Existing Nutritional Guidelines For Pregnant People Are Subpar, Study Finds

Pregnant woman speaking with a doctor.

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Key Takeaways

  • A new study shows that pregnant people are largely left out of nutrition studies informing guidelines for the United States and Canada’s Dietary Reference Intakes.
  • Out of all the nutrient studies, only 17% included pregnant people or people who are lactating, making it difficult to provide accurate guidelines.
  • Still, experts say if you're pregnant you should follow existing guidelines.

Historically, women and pregnant people have been left out of much of the scientific research guiding today's health recommendations, medicinal developments, and technological advances.

Now, a new study review suggests that pregnant people are specifically highly underrepresented in the scientific research that informs nutritional guidelines in the United States and Canada’s Dietary Reference Intakes, also known as DRIs. These guidelines are established to regulate everything from federal food programs to what goes into the processed items on your shelves.

Although this gap in data has likely skewed our understanding of how slices of the population can live healthier lives, tackling it as soon as possible can help increase representation and improve scientific research in the field of nutrition.

“It's not correct to think that excluding people from research protects them," Emily R. Smith, ScD, MPH, lead study author and assistant professor in the departments of global health and exercise and nutrition sciences at George Washington University, tells Verywell. "That means excluding them from information to help people live happy and healthy lives and have a positive pregnancy experience."

The research was published in October in the journal Science Advances.

Inclusive Research Is Important

This study spurred from Smith’s background in researching micronutrient supplementation for pregnant women. Her previous work looks at which and how many prenatal vitamins should be suggested to improve the health of moms and babies.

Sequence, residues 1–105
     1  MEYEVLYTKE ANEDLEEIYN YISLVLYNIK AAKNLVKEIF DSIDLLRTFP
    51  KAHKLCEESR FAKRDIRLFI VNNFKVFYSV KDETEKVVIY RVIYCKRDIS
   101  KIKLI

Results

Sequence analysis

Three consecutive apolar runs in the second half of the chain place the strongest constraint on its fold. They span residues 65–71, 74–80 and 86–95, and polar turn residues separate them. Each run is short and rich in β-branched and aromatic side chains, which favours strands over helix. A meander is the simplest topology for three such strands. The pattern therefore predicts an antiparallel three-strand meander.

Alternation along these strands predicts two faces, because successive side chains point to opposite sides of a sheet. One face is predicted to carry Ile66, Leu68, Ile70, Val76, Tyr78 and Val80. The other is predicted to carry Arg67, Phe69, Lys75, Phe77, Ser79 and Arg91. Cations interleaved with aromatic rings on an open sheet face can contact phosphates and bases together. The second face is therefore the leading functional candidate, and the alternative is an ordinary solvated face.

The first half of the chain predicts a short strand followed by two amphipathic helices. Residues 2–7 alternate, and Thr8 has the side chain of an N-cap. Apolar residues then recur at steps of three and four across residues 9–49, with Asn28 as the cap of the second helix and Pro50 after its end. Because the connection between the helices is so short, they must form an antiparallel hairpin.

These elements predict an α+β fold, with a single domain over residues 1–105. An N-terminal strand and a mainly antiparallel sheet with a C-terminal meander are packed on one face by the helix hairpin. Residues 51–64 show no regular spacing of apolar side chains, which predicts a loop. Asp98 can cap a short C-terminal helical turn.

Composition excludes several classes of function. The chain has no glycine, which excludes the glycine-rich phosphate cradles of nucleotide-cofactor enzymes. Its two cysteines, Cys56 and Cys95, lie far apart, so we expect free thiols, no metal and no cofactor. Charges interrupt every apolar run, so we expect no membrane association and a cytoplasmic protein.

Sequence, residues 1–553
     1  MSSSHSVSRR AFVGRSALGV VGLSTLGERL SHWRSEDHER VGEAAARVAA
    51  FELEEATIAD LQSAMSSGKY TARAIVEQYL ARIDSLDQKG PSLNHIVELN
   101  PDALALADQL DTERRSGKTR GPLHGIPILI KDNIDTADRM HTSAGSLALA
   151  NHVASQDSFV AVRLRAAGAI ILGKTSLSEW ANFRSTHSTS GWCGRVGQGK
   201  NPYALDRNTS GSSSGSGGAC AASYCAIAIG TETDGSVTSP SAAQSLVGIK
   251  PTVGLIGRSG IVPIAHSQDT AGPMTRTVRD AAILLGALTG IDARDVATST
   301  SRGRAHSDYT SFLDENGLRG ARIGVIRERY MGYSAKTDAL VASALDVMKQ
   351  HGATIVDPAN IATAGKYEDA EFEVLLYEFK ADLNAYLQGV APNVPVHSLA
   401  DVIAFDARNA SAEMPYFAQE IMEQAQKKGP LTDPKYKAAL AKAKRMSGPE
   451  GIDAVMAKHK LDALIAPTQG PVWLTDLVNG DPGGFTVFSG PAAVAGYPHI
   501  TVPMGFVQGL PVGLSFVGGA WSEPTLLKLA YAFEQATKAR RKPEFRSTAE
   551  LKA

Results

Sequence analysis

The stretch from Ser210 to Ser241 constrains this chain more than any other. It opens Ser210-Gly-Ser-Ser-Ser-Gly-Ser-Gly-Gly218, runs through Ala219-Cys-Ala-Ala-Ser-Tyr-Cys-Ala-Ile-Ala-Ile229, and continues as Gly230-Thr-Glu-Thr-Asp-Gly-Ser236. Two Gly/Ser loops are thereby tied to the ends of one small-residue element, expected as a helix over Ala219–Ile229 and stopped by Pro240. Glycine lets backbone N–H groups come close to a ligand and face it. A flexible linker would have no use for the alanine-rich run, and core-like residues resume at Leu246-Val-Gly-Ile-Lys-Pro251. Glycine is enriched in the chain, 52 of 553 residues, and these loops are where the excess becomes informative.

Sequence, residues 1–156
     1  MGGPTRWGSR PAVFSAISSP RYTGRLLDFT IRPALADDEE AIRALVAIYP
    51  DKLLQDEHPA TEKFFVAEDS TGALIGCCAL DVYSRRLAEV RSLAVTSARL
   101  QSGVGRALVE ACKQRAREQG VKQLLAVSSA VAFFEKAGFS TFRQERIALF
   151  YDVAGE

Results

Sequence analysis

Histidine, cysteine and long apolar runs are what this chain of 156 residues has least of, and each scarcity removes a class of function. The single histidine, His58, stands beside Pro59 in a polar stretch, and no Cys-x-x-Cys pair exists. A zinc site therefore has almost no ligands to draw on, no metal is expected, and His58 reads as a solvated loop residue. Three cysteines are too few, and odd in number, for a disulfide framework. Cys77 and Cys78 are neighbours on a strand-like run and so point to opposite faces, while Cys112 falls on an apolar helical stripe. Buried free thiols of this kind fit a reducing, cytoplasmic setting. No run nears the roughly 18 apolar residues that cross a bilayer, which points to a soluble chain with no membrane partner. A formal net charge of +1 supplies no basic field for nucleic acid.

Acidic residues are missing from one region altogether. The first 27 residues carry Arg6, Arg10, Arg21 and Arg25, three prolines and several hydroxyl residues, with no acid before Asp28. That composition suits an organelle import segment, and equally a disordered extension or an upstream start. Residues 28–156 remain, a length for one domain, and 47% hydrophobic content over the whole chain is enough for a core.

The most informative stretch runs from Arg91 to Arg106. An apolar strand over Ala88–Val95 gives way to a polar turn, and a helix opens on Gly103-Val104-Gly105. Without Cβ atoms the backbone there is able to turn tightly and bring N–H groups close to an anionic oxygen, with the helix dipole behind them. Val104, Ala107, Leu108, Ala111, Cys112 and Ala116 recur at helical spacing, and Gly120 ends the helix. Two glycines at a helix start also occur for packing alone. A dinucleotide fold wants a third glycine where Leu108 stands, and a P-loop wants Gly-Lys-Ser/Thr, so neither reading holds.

In her research, she found that even after women took these prenatal vitamins they sometimes still remained deficient at the end of pregnancy. 

“Although there are a number of issues that could affect the measurement of biomarkers in pregnancy, we wondered, well, how confident are we about the dosing that we say with the recommended daily allowance?" Smith says. "How competent are we about that? And how competent are we that we're measuring the right thing?”

To answer this question, Smith and her team analyzed 704 studies—looking at information about 23 micronutrients.

They found that 23% percent of the research included only male participants. In the research that did also include female participants, they were still underrepresented and only accounted for 29% of the participants. The most technologically advanced nutritional studies were also least likely to include female participants. 

Out of all the nutrient studies, only 17% included pregnant people or people who are lactating. 

“There's just this general idea, where people are concerned about including pregnant people because pregnant people are classified as a vulnerable population," Smith says. "For example, some researchers may be worried about risks to the fetus."